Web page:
There are many theories about why some major checkpoints have been opened. (No one here listens to official news reports of why things are done, because these are almost always PC BS.) Some say it’s because Netanyahu is trying to use this relatively easy concession to cut down on pressure for him to halt settlement expansion. Others say that Netanyahu is pushing for “economic peace,” which means Palestinians will get certain areas that Israel is willing to “give up” but without the full rights of statehood such as control over their borders and airspace, and with much of their land annexed to settlements. Easing up and letting the economy get a little better is a way to keep the Palestinian population quiet while he tries to sell them a glorified Indian reservation (minus any rights of citizenship in Israel, but with ‘citizenship’ in a dummy state ultimately controlled by Israel) — a plan that has no chance of working. Palestinians may be quiet at the moment, but they’re not stupid.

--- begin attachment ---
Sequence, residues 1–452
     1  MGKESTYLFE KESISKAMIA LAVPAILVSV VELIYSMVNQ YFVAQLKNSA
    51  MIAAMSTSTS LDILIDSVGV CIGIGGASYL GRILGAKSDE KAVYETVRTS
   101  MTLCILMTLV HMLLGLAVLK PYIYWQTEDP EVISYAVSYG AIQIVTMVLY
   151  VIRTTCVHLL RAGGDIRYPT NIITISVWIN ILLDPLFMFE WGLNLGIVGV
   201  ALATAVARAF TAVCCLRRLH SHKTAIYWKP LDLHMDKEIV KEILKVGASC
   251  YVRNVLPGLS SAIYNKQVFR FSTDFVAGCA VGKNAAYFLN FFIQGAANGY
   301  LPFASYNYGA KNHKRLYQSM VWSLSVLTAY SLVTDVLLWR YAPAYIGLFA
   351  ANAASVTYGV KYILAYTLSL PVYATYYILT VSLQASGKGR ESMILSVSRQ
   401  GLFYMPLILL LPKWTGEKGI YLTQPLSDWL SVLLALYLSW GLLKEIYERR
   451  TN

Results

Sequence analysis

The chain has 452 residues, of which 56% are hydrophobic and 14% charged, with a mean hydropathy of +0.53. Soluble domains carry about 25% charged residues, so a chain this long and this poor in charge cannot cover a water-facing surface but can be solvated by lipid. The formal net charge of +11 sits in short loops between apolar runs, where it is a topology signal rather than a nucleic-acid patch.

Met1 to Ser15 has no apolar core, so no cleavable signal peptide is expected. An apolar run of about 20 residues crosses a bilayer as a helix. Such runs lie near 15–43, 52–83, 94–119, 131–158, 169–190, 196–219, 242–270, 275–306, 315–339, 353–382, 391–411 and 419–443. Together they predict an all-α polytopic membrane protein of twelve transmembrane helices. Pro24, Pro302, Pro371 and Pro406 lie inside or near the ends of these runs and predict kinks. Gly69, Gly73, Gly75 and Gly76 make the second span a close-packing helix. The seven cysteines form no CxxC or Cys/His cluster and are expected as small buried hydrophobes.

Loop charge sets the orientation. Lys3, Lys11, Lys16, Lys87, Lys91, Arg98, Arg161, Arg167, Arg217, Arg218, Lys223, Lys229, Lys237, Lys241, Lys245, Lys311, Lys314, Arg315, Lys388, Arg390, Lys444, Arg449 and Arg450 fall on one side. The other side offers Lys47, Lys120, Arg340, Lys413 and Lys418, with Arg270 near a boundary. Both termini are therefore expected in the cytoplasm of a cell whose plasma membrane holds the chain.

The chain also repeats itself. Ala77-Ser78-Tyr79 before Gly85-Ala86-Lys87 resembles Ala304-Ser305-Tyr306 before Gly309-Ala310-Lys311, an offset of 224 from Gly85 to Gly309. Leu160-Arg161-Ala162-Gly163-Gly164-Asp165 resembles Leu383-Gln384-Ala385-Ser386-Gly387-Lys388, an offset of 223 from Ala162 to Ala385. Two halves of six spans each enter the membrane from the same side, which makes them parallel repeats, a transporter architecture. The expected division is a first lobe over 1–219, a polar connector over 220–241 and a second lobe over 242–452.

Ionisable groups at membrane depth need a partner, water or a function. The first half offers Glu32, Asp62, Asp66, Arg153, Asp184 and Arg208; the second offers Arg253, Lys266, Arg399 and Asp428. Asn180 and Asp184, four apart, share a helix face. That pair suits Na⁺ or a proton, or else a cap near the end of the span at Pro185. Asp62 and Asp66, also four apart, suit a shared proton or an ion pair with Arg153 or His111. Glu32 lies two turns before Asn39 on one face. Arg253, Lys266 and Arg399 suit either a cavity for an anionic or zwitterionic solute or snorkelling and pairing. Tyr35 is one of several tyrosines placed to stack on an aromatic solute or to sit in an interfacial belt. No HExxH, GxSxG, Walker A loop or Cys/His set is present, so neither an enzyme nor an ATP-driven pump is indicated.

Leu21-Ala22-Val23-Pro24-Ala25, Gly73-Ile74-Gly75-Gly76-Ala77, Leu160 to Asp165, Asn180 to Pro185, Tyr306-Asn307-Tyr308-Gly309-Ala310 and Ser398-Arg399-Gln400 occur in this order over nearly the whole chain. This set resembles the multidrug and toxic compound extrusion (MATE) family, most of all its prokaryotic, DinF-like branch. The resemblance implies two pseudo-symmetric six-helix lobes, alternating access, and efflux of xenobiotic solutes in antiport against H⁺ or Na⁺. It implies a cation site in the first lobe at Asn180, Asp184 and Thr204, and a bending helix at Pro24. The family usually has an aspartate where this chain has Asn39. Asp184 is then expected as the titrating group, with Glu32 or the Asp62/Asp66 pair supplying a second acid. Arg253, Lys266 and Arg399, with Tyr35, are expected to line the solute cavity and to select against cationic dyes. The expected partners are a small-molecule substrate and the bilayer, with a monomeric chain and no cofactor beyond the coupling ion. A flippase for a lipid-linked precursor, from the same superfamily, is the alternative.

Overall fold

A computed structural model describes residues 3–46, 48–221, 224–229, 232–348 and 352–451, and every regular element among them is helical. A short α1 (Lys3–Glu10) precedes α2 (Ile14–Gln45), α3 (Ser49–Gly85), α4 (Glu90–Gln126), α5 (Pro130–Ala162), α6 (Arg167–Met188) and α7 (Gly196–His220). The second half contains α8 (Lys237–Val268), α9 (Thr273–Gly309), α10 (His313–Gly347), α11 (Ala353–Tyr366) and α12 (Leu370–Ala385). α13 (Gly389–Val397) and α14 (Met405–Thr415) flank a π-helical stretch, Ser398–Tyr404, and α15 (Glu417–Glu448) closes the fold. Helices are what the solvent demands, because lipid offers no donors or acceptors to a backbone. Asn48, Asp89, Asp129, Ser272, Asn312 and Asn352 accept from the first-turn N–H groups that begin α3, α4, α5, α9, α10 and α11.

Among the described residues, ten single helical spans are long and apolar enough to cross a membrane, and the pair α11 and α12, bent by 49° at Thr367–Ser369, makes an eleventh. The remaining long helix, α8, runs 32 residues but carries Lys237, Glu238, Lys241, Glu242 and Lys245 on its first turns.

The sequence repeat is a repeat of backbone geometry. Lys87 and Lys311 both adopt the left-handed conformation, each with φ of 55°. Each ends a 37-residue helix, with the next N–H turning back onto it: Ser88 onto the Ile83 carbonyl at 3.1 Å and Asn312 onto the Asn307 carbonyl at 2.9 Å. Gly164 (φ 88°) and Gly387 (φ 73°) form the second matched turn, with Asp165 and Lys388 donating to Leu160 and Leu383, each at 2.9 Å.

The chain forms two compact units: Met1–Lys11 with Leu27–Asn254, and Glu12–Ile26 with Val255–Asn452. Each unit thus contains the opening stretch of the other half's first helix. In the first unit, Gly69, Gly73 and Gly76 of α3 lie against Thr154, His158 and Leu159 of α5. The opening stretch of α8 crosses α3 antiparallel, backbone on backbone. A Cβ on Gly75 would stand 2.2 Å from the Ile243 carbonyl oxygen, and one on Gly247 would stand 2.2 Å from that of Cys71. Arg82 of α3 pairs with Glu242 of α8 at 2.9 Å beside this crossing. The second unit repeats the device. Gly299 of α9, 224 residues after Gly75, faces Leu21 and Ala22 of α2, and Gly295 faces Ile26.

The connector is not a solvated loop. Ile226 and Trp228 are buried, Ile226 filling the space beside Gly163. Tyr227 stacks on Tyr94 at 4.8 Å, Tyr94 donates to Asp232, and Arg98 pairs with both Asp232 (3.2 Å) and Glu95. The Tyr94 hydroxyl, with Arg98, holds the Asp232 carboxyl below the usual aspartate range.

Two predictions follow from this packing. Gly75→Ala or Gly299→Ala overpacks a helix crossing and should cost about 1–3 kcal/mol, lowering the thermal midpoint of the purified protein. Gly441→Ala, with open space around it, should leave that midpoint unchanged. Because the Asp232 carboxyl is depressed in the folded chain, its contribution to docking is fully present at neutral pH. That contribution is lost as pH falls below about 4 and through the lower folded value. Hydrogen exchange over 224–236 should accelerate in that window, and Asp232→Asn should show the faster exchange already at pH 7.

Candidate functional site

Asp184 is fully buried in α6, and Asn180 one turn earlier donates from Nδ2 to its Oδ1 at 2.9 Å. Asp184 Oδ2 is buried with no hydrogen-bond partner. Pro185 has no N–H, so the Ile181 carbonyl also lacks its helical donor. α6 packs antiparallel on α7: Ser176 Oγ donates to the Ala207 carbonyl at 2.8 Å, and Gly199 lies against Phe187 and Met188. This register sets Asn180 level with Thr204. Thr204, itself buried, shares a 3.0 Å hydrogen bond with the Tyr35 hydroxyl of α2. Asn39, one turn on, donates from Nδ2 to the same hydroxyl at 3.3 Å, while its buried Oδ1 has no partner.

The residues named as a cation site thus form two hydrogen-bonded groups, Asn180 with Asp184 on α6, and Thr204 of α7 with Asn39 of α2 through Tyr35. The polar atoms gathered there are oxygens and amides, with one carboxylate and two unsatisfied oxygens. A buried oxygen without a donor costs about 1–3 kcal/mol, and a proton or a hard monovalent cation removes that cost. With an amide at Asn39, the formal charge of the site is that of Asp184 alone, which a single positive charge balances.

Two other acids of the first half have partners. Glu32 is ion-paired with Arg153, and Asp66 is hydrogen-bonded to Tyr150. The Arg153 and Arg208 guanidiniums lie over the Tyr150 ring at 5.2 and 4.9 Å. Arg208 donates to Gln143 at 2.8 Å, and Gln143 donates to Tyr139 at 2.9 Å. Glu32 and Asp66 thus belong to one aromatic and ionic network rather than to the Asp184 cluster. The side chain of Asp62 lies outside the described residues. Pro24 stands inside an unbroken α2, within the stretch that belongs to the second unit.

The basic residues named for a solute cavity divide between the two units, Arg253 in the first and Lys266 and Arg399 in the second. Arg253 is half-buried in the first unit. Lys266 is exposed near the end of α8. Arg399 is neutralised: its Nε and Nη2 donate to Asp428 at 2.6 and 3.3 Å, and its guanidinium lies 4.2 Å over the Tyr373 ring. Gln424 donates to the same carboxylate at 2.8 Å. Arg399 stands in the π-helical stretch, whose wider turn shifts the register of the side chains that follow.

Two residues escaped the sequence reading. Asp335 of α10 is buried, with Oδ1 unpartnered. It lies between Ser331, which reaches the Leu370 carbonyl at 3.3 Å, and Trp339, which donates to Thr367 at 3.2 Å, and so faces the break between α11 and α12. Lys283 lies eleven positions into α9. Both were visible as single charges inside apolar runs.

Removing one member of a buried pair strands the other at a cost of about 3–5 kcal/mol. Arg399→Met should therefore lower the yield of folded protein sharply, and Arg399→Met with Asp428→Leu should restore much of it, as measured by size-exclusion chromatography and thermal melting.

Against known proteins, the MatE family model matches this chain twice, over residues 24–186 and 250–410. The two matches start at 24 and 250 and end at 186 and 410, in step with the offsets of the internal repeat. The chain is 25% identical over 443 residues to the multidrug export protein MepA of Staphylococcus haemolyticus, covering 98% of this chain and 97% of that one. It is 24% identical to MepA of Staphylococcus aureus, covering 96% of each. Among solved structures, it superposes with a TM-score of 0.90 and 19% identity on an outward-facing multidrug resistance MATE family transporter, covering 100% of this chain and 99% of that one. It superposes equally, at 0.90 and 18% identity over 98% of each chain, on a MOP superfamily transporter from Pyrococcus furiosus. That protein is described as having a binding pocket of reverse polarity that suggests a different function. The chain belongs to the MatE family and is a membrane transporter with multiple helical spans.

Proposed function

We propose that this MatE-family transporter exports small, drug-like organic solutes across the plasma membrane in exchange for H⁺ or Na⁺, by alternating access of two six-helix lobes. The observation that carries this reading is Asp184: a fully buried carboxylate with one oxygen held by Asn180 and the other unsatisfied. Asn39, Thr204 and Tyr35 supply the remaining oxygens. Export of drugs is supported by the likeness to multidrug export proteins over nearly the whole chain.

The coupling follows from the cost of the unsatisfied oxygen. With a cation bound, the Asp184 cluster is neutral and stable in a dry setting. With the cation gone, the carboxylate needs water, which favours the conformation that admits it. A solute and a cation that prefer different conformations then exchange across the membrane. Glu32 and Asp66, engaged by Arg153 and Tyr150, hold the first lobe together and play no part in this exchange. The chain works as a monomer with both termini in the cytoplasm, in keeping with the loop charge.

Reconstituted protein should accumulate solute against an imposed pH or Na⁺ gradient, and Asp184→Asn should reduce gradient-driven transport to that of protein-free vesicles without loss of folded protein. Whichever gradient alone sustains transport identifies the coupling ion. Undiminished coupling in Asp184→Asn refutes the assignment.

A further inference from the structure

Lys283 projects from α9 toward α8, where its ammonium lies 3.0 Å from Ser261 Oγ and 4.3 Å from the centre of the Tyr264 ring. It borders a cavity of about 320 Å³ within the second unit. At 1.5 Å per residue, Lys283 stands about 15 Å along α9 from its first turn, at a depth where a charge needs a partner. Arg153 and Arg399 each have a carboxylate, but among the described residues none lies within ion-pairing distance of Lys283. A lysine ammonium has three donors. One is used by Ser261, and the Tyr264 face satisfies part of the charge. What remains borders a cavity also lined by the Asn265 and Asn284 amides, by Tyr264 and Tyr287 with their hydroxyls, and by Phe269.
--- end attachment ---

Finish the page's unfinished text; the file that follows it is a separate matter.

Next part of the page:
Either way, for the moment it’s a stunning and welcome development. Nablus is now, as it should be, an easy 1.5-hour, ten-shekel ($2.50) jaunt from Ramallah by bus, less in a car, which is good for Ramallah and amazing for the Nablusis, who’ve been shut up in their city for so long.

It’s a beautiful place to be trapped in, though, as collective prisons go. Built in a long valley between two high hills, it’s one of the most unique and beautiful cities in the Middle East. Its Old City, largely intact and thoroughly lived in, is not only stunning, it’s virtually untouched by foreign tourists.